The Word Versus The World
There are two rival value systems that we contend with daily. The value system of the world (the temporal value system) places no demands on us to trust God, for it is based on what is seen. In contrast, the value system of the Word (the eternal value system) is based on the unseen. We are called to live by the value system of the Word; this is a large part of what it means to walk by faith (2 Corinthians 5:7; cf. Romans 8:24–25).
The Wisdom of the World
The wisdom of the world maintains that this world is all there is, and the chief end of man is to maximize our pleasure and minimize our pain—to build a name for ourselves and pursue fame and popularity at any cost. The world exalts wealth and status as the standards for success, security, and identity. In his Screwtape Letters, C.S. Lewis notes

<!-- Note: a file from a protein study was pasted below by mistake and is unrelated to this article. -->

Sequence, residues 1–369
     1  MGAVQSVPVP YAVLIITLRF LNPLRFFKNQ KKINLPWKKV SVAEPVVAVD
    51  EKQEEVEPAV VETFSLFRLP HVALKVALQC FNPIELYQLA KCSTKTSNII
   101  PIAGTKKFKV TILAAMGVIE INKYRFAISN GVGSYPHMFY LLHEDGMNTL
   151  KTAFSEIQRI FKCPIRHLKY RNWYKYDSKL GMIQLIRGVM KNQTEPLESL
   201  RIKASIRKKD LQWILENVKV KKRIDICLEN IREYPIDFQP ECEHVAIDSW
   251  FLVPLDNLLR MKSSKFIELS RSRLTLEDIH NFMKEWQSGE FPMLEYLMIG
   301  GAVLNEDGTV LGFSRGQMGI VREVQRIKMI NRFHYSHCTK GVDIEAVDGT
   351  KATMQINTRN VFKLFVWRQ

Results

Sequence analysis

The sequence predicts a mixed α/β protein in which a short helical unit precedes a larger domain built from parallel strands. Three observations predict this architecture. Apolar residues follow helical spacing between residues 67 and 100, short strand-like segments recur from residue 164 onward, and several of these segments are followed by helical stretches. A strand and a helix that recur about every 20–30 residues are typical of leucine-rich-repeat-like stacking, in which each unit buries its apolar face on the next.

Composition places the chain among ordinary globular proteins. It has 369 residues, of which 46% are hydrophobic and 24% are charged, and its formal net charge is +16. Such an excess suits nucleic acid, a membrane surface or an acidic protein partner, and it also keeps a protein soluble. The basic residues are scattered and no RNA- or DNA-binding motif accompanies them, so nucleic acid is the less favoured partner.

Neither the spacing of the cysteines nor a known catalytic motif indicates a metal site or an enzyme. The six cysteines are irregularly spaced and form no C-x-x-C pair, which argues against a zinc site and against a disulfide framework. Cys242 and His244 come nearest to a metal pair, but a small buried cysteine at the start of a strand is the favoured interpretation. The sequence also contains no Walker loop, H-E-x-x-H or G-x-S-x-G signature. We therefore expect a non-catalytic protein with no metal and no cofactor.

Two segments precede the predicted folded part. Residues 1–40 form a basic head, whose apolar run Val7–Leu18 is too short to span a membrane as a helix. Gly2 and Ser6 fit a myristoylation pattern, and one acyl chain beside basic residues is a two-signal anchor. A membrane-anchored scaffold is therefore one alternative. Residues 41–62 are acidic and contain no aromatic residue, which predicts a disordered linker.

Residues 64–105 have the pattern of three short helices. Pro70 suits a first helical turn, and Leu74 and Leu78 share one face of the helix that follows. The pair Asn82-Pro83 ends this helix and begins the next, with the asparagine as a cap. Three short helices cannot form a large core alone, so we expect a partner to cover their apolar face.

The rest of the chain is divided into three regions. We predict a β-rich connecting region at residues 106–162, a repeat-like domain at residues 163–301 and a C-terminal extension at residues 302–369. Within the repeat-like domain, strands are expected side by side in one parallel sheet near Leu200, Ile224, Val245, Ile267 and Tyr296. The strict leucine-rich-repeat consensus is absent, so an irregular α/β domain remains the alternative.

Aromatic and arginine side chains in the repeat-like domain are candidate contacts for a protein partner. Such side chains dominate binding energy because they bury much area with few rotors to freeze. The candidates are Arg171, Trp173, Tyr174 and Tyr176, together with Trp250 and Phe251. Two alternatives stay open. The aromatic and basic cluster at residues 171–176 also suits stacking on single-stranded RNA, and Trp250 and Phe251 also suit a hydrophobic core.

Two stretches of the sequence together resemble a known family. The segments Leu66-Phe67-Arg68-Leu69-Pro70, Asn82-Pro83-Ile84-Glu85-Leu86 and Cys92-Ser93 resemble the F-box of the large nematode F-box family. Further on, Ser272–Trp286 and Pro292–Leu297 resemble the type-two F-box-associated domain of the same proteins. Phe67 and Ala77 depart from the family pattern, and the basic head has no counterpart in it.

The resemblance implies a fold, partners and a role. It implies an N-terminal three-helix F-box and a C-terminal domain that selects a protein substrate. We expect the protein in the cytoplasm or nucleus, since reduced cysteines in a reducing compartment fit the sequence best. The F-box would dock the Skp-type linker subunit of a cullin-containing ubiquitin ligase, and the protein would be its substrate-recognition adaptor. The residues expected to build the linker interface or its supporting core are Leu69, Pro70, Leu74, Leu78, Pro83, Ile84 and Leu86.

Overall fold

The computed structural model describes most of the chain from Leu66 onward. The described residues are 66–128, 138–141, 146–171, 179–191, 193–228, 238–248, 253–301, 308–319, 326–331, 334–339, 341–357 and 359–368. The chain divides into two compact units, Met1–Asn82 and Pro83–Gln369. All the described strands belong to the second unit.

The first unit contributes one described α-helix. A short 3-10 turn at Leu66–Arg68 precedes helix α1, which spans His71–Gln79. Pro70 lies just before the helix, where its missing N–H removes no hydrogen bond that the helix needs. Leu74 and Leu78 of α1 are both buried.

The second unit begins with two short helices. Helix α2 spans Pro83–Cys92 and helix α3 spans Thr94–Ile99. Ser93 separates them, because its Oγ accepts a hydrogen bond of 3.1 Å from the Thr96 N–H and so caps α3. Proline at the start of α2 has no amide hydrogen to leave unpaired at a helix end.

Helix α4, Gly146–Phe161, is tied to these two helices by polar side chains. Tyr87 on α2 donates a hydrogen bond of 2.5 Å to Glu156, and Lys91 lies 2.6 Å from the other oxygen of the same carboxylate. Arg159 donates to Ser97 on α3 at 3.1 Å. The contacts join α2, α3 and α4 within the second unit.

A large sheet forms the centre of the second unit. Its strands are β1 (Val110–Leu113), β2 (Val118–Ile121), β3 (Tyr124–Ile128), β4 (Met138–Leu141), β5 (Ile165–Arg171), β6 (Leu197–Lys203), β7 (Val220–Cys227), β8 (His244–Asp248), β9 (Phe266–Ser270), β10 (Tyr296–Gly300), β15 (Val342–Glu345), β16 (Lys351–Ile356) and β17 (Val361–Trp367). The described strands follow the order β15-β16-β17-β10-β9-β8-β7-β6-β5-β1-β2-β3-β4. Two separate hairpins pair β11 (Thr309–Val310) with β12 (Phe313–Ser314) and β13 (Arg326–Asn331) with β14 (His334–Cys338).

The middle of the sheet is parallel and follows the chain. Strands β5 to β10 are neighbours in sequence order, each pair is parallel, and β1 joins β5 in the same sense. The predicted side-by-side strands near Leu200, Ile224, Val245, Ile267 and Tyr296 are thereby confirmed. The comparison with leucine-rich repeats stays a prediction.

Prosperity knits a man to the World. He feels that he is “finding his place in it,” while really it is finding its place in him. His increasing reputation, his widening circle of acquaintances, his sense of importance, the growing pressure of absorbing and agreeable work, build up in him a sense of being really at home in earth.1
But we are not at home in this world. We are mere sojourners, pilgrims, on our way to our heavenly home.
The Wisdom of the Word
Unlike the world, the Word tells us that God is the greatest pleasure of all. Paul writes:
For the kingdom of God is not eating and drinking, but righteousness and peace and joy in the Holy Spirit. (Romans 14:17)
We can enjoy the good things in this world, but we must not forget that true peace and joy comes from God, and we will experience it fully in His kingdom.
Unlike the world, the Word tells us to walk humbly before God (1 Peter 5:6–7), to be people of integrity and character who manifest the fruit of the Spirit (Galatians 5:22–23). The Word tells us to be content and thankful whether we are facing lack or abundance (Philippians 4:10–14). Unlike the world, the Word tells us that to be great is to be least among the earth, serving others with love and humility (Luke 22:25–27; Mark 10:42–45; John 13:12–17).
This study is based on “Facet 2: Paradigm Spirituality” in Ken Boa’s Conformed to His Image: Biblical, Practical Approaches to Spiritual Formation, rev. ed.
Missed a part of the series? Catch up by clicking here.